From SABR member Gary Ashwill at Seamheads.com on January 15, 2012:
New to the DB this week are the 1914 and 1915 Negro leagues. The 1914 season in particular marks a turning point in black baseball history, as Charles Isham Taylor, former manager of the Birmingham Giants and West Baden Sprudels, arrived in Indianapolis to take over the A.B.C.s, bringing along with him his three ballplaying brothers: Ben, Steel Arm Johnny, and Candy Jim. Starting from this season, the market for professional black baseball in the Midwest mushroomed, as these two teams, the traveling Cuban Stars, and the St. Louis Giants played more and more games against each other. A league seemed the inevitable outcome, though this wouldn’t actually come about until 1920. Rube Foster seemed to be thinking in these terms, as he spent the latter part of 1914 shuttling between Chicago and Louisville, where he was managing the Louisville White Sox in an apparent attempt to build up a potential franchise there. In 1915 two of the Taylor brothers, Jim and John, would take over the White Sox, though in the end the venture failed, and they finished the season with a traveling team they called the Chicago Black Sox.
The American Giants enjoyed a typically dominant (42-13) 1914 season, but lost one of their star pitchers, the 23-year-old Bill Lindsay, to tuberculosis on September 1. He was still playing only a month before his death, putting up a 4-0 record and a .500 batting average (10 for 20) against black teams. The following spring saw another blow to Foster’s team, as longtime star Bill Monroe, a brilliant infielder, flamboyant entertainer, and crowd favorite, died in Chattanooga, Tennessee, again of tuberculosis. The Giants, despite getting shortstop John Henry Lloyd and young pitcher Dick Whitworth, among others, to take their places, slumped in 1915. They actually lost their season series with Indianapolis, 6 games to 3, and finished behind the A.B.C.s’ overall record against black teams (37-25-1 vs. Chicago’s 29-25-3).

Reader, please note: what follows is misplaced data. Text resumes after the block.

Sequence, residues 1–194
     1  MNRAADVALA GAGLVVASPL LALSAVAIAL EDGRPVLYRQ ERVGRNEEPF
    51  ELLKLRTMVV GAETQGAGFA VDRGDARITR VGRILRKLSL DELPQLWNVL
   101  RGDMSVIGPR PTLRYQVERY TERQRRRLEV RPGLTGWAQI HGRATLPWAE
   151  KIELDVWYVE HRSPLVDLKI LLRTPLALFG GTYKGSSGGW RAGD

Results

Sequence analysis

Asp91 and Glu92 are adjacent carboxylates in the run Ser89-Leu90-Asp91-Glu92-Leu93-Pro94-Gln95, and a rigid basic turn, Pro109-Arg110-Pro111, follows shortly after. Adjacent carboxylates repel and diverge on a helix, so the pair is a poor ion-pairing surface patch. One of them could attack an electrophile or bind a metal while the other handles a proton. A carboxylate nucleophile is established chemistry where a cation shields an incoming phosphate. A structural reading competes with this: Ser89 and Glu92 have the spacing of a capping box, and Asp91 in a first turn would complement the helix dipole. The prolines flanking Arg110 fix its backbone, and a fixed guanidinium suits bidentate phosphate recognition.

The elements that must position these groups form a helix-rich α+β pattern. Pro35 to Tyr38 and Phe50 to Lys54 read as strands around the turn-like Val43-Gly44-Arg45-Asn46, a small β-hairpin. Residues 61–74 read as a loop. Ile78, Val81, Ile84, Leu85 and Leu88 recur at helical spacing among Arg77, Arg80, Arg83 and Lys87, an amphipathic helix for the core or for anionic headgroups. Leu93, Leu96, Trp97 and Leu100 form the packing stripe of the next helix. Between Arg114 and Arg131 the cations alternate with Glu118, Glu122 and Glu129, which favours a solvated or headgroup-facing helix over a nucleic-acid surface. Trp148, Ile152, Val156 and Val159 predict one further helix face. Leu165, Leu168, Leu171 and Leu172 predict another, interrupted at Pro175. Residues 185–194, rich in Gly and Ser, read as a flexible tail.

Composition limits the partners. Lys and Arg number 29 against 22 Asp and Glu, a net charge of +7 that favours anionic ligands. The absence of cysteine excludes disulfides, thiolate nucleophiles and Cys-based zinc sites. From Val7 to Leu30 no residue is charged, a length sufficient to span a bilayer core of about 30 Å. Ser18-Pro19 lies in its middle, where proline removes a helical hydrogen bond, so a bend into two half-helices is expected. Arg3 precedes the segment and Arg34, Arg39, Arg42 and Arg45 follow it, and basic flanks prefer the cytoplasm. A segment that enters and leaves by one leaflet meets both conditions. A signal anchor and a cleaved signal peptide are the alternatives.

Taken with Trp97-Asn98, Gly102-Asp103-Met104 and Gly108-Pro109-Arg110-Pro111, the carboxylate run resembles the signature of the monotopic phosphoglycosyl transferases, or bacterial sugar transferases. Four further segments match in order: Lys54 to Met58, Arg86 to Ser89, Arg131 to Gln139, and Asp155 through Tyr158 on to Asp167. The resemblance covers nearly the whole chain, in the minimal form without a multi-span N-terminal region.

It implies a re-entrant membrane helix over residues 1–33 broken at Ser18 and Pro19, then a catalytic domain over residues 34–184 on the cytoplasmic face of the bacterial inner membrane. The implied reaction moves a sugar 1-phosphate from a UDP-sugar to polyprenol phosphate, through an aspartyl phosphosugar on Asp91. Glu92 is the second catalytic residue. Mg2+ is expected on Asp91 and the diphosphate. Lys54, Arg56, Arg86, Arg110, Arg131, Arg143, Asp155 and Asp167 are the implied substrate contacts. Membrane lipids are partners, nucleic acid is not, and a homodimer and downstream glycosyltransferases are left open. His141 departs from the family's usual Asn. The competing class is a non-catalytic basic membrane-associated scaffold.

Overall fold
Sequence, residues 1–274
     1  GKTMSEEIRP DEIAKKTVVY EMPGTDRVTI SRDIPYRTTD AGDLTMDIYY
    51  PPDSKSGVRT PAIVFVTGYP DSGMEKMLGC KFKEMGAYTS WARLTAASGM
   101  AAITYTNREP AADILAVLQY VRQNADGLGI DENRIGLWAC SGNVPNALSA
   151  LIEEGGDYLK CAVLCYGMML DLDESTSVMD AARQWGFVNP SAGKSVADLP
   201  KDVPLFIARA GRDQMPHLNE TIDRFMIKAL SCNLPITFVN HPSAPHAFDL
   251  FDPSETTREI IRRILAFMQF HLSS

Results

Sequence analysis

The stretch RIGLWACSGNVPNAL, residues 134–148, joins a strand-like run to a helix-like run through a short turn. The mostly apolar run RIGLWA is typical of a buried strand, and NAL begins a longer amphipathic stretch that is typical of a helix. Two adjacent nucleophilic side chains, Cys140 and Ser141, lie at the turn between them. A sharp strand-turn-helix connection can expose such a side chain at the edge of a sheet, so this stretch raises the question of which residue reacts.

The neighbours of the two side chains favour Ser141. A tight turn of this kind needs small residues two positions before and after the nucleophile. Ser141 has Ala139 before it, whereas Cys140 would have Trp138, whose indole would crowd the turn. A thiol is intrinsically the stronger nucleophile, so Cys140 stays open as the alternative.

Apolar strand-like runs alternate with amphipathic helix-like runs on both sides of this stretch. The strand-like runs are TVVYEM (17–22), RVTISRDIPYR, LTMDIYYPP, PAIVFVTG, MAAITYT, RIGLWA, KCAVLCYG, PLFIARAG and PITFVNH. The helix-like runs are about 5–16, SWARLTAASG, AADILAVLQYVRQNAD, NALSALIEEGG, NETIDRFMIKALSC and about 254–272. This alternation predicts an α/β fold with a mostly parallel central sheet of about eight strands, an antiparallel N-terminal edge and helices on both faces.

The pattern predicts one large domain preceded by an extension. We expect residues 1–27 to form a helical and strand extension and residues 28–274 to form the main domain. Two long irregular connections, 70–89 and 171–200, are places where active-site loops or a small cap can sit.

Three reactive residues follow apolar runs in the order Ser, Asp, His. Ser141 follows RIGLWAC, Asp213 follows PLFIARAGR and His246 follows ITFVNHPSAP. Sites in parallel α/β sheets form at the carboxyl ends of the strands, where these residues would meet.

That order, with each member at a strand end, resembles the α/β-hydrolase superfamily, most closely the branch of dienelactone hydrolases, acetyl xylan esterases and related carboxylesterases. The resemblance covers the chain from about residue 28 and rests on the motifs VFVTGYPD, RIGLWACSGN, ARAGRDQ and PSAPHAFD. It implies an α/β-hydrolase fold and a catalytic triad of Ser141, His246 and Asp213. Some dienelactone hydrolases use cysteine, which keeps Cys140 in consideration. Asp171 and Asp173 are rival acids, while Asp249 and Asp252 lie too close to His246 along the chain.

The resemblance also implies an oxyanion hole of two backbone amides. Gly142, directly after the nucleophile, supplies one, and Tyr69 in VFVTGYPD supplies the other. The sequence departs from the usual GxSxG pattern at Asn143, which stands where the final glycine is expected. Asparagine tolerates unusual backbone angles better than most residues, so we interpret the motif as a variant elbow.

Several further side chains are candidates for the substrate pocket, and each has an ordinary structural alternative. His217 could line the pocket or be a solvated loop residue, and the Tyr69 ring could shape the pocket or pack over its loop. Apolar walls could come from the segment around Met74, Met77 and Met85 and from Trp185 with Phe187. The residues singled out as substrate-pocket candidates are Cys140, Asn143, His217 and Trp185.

Read the full article here: http://seamheads.com/2012/01/15/negro-leagues-db-update-1914-1915-negro-leagues/
Related link: Read our Q&A with Gary Ashwill about the Negro Leagues Database (September 14, 2011)
Originally published: January 16, 2012. Last Updated: July 16, 2020.